No, I don't believe in going to gyms and beefing up.  I just live with it.  Interestingly, I have a couple of friends who are still skinnier than me.  I wonder if it's a British vs. N. American thing.  Perhaps I should start eating a full English breakfast everyday - surely that would an affect, although I don't think my arteries need to be "strengthened".

    [ Parent ]

    Denver (none / 0) (#444)
    by bouncing on Fri Aug 16, 2002 at 11:52:31 AM EST

    It's interesting that you mention Denver in a negative tone in terms of cycling-friendliness. For an American big city, Denver is generally regarded as extremely cyclist-friendly. I'm a native Boulderite myself, have lived in Denver, and currently live in San Antonio. San Antonio makes Denver look like a 100% pro-cycling community. In San Antonio, the drivers are stupid, ignorant, incompetent, and everyone drives a truck. And that's in regular traffic. Add bikes into the mix and these people go nuts!

    You might try Boulder, CO or Portland, OR. They are generally regarded as America's most cyclist-friendly cities. But Denver is still up there on the list.

    [ Parent ]

    Staring Death in the Face (3.50 / 2) (#358)
    by jazman_777 on Wed Aug 14, 2002 at 12:26:39 PM EST

    Just today, I had this happen: I was driving, and I came to an intersection where there are two left-turn lanes. I typically get in the right lane of the two. Today, a biker darted out from the far right, across my front, into the leftmost lane. Then, making the turn, the guy cuts across me _again_, into the far-right side of the road. This is in Seattle, which is generally biker-friendly. Maybe some bikers are getting a little cocky. My reaction? I know that I don't want to plow over the guy, but secretly think, "if someone plows over him, he got what was coming to him."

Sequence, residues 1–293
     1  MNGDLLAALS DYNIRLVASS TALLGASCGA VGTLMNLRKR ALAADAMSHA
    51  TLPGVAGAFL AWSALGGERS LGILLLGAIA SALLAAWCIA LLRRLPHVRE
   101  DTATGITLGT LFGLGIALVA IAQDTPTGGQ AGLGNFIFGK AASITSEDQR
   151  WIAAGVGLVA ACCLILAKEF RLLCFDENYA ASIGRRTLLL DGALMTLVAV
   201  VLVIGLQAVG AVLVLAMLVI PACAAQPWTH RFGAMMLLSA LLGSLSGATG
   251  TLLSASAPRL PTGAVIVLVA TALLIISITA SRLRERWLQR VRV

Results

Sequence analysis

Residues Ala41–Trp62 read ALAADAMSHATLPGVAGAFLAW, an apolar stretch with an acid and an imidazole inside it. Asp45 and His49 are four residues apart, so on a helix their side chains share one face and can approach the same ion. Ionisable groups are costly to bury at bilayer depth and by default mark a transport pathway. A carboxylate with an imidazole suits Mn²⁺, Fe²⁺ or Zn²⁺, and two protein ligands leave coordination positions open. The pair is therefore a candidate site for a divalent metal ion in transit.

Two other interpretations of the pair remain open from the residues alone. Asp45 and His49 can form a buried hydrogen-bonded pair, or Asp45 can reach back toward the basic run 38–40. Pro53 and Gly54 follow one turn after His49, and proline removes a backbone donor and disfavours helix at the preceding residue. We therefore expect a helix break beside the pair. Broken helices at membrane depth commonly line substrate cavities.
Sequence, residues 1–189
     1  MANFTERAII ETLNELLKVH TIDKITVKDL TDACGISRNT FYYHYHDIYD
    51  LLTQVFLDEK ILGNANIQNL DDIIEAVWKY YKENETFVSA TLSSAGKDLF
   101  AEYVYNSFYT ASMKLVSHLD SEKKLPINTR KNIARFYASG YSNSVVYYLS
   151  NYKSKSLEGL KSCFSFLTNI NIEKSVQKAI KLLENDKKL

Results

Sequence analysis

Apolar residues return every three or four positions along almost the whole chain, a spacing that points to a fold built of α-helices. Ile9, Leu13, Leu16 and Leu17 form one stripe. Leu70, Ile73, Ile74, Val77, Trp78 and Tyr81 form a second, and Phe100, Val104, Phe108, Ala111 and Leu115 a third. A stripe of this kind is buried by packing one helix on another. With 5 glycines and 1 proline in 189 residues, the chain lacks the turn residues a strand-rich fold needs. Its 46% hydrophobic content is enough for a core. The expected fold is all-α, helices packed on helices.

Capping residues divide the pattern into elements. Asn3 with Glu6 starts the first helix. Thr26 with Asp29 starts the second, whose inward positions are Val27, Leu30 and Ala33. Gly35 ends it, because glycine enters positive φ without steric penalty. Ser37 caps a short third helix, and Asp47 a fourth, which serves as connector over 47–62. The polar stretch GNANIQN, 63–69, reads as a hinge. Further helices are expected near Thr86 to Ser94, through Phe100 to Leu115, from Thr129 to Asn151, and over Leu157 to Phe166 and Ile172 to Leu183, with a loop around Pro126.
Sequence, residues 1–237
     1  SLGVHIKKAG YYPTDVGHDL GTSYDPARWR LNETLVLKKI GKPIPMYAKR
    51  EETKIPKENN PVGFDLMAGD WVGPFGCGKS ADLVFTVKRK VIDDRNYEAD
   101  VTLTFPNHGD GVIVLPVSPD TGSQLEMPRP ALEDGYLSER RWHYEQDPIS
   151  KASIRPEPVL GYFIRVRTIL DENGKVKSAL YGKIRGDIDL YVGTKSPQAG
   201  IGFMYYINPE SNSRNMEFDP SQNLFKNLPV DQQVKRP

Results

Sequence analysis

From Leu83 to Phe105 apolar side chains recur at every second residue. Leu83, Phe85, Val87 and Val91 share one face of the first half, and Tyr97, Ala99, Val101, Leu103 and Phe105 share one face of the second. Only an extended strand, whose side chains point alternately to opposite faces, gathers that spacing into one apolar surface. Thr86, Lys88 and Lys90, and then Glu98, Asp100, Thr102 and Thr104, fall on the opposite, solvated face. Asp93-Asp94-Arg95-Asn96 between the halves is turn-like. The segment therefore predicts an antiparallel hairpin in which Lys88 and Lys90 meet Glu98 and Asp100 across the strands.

It can go both ways (4.00 / 1) (#404)
    by dazk on Thu Aug 15, 2002 at 01:58:50 AM EST

    I'm using my bike a lot. I used to live in larger city and biking was the only way to get somewhere fast. Now I live about 45km away from there and have to commute every day to my place of work. Going 90kms per day is a little much for me, besides it takes an awful lot of time so I usually ride the bike to the next trainstation, go a couple of stops and ride to work from there. Using public transport alone I'd have to switch trains 3 times.

    Talking about car/bike relation. I've seen just about everything. I usually ride my bike quite fast. The idiots that planned the roads for the city I live in decided to place trees every some meters right where the bicicle lane is. The bike lane goes around them with a sharp close to 90 degree turn right before and after. In addition to that hell, before and every driveway the curb is lowered and raised again. I know you can do it smoothly but them idiots decided to do it within less than half a meter. That means it's permanently going up and down and up and down and sharp turn right and sharp turn left and up and down ...

    That's the reason for me using the road ;)

    There you can experience cardrivers yelling at you to get the f*** of the road and use the bicicle lane (the obviously never used that sh**), you get drivers overtaking you just to turn right right in front of you. The only chance you get is break like hell. I noticed a lot of especially older drivers don't look for bikes at all. They dart out of their driveways and look afterwards or they turn without checking for bikes etc..

    It really is an experience to go to work by bike but it's worth it!